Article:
A Pretty Darn Seasonal Meal – Potato Gnocchetti with Favas, Bresaola and Mint Brown Butter Sauce

Little Gnocchi with Favas, Bresaola and Mint Brown Butter

As you may be able to tell, if you are a regular reader of this blog, we love mint.  We use it often in the summer because it grows like a freaking weed.  Because we live in Brooklyn, we barely have any outdoor space (but are very fortunate to have any). Yet, in that small space, we have many, many planters.  Over the years, we’ve managed to inadvertently kill many varieties of plants, flowers and veggies but nothing will kill our mint.  One season, a few things died unexpectedly and we thought maybe it was the soil (we coined the term “soil of death” during this depressing time – witty, I know).  The “soil of death” was most definitely used when we planted the mint and even that crap couldn’t kill it!  Mint is too often underused in cooking, which I don’t understand.  There are a quite a few varieties of mint and some people feel very strongly about it, usually either loving it or hating it (except when it’s used in their mojito or julep).  I love it but love it equally as much in my savory foods as  in sweets or alcoholic bevy’s.

Little Gnocchi with Favas, Bresaola and Mint Brown Butter

Many are used to sage brown butter sauces so we figured why not try it with mint?  It was delicious.  The heating of the mint mellowed the flavor and added a fabulous “clean” flavor to the dish. It also balanced the creaminess of the butter and paired well with the cheese.  We added some breasaola because we had to use it up before it went off but if you are veggie, you can totally have a fabulous meal without it.  I think some pancetta or guanciale could work as well.  We found fresh fava beans which are still in season and they gave the dish a bit of chew.  Don’t be scared off by making your own gnocchi.  You can follow our easy-to-read instructions.  Gnocchetti just refers to the size – we cut our gnocchi much smaller than we usually do about 3/4 an inch long.  We decided not to run each gnocchi over a fork, hence why they don’t have their traditional ‘ridges’.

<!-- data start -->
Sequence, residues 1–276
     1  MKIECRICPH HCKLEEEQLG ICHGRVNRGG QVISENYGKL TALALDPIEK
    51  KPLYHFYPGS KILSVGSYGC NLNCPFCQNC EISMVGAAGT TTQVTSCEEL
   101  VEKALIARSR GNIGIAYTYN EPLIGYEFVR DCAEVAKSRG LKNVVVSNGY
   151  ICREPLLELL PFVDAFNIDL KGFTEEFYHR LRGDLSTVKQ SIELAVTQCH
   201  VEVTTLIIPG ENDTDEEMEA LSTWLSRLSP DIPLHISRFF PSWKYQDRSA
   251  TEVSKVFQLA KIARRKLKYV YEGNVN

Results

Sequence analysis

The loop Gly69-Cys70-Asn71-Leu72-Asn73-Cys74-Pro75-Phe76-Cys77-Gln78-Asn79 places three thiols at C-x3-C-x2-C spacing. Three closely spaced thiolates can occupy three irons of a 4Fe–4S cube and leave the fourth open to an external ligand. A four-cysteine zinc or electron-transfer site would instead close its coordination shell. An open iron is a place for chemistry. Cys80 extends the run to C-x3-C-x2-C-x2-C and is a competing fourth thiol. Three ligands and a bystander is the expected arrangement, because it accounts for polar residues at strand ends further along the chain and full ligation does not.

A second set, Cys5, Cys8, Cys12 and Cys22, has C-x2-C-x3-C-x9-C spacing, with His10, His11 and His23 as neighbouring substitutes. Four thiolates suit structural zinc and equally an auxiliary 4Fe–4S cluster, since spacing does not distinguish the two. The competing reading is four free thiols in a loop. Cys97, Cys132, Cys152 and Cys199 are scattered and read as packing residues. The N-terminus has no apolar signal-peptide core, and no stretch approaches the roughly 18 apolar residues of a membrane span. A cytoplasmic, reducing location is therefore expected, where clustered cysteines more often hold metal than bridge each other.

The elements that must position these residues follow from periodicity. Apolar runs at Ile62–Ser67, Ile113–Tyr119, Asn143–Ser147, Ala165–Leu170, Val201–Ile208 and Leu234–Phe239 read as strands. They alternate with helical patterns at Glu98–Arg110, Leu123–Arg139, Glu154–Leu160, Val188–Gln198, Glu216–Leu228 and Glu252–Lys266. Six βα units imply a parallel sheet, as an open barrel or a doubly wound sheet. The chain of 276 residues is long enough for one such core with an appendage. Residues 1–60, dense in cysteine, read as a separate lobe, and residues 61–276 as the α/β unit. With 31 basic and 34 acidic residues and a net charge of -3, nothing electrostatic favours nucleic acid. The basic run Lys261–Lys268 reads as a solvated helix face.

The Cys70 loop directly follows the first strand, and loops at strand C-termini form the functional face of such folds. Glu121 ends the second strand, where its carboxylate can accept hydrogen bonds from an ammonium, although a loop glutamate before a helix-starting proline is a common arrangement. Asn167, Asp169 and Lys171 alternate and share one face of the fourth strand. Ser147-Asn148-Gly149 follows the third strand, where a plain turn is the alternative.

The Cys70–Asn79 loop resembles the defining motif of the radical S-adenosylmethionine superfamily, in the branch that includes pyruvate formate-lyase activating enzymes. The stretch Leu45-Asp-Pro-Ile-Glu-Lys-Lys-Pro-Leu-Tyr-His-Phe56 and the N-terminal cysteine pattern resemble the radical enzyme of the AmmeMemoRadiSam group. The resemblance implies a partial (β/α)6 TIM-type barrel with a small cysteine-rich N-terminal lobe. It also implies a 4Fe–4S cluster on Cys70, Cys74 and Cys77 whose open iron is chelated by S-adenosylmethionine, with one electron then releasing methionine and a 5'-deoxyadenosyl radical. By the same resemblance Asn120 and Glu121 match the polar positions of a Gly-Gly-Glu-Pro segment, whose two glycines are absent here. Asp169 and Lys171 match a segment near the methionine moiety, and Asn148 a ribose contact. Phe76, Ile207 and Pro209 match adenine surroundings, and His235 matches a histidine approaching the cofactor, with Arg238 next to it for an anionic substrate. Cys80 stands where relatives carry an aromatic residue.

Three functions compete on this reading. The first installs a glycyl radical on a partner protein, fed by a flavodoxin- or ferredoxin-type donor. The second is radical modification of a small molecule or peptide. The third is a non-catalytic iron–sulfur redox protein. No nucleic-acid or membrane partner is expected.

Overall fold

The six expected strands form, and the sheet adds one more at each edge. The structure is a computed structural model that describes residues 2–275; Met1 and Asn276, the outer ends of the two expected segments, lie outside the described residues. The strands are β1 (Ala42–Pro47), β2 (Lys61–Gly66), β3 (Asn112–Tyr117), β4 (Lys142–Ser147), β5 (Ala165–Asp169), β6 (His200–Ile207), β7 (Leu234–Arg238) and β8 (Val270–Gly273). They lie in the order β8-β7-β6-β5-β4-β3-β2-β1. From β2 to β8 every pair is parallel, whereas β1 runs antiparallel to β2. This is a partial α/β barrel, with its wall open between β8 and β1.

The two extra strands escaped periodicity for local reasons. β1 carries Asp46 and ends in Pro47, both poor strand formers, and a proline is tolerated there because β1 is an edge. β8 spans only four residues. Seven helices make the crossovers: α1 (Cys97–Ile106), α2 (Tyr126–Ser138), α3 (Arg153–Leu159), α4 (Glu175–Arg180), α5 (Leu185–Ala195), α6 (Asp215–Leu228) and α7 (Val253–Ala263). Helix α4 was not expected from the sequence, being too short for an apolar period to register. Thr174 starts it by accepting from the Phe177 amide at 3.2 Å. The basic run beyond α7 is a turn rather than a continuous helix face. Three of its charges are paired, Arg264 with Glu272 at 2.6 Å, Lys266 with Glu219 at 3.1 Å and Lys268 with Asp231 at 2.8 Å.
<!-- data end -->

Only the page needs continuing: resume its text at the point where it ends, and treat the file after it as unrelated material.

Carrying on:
So embrace your mint, give it some love.  Hell, you don’t even need to tend to it in your garden unless it’s taking it over and killing your other plants (which can definitely happen).  If it is, make a huge batch of this dish, make a giant vat of mojitos and forget your problems.

Little Gnocchi with Favas, Bresaola and Mint Brown Butter

  • 1 batch of our Potato Gnocchi Recipe (just cut the gnocchi about 3/4 of an inch long and don’t run it over the fork)
  • about 30 fava beans, shelled (click link for excellent step-by-step instructions)
  • 6 slices of bresaola, rolled up and sliced into thin strips (optional – could also use pancetta ir salami, etc)
  • 20 mint leaves (leave 15 whole and chiffonade the rest into ribbons)
  • 3 to 4 tablespoons of unsalted butter
  • 1/2 cup freshly grated parmigiano or pecorino cheese
  • pinch of salt and pinch of fresh pepper

What to do:

  1. Make your gnocchi.
  2. Add one tablespoon of butter and, on medium heat, saute your fava beans for a minute.  Add in the sliced bresaola and cook for about 30 seconds or so.
  3. Remove the gnocchi and favas and reserve on a plate.
  4. While your gnocchi are cooking in boiling, salted water, make your sauce.  Add the rest of the butter along with the unsliced mint and a pinch of salt.  Allow it to foam up a bit and turn brownish (about 1 to 2 minutes).
  5. In the sauce, add the cooked gnocchi, the favas and bresaola and toss.  Add some fresh pepper, the cheese and chiffonade of mint.  Toss together and serve with a big glass of white wine.  Enjoy!

23 thoughts on “A Pretty Darn Seasonal Meal – Potato Gnocchetti with Favas, Bresaola and Mint Brown Butter Sauce

  1. What a lovely dish! I love that you used fresh mint in the sauce. It looks really delicious!

    I’ll tell you one thing that will kill mint – the Florida summer sun! I have had the worst luck with it. Mint must love NYC, though. My grandma had masses of it growing in her tiny Bronx garden when I was growing up. Too bad she never thought to use it with gnocchi! 😉